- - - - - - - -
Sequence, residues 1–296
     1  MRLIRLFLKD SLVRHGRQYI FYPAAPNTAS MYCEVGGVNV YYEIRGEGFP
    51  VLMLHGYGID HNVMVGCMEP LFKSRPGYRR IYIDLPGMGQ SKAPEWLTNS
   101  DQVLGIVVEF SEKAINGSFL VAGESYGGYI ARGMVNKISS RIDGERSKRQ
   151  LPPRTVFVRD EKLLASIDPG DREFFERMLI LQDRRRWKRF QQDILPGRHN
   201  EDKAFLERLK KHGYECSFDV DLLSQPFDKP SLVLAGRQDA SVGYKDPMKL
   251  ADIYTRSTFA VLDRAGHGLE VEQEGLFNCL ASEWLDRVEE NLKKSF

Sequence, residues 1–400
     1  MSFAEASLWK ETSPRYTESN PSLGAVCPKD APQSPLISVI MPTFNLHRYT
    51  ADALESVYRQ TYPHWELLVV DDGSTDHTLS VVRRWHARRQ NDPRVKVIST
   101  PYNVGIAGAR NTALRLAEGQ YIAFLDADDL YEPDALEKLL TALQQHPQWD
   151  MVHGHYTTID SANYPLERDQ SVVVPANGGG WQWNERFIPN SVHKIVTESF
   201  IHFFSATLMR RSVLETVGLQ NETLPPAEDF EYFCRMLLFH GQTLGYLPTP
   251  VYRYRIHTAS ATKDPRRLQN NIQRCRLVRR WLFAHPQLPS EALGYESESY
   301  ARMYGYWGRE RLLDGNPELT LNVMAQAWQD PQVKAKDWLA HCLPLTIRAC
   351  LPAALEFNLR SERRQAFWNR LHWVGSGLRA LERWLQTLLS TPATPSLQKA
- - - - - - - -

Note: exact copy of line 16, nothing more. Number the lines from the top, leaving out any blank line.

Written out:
   351  LPAALEFNLR SERRQAFWNR LHWVGSGLRA LERWLQTLLS TPATPSLQKA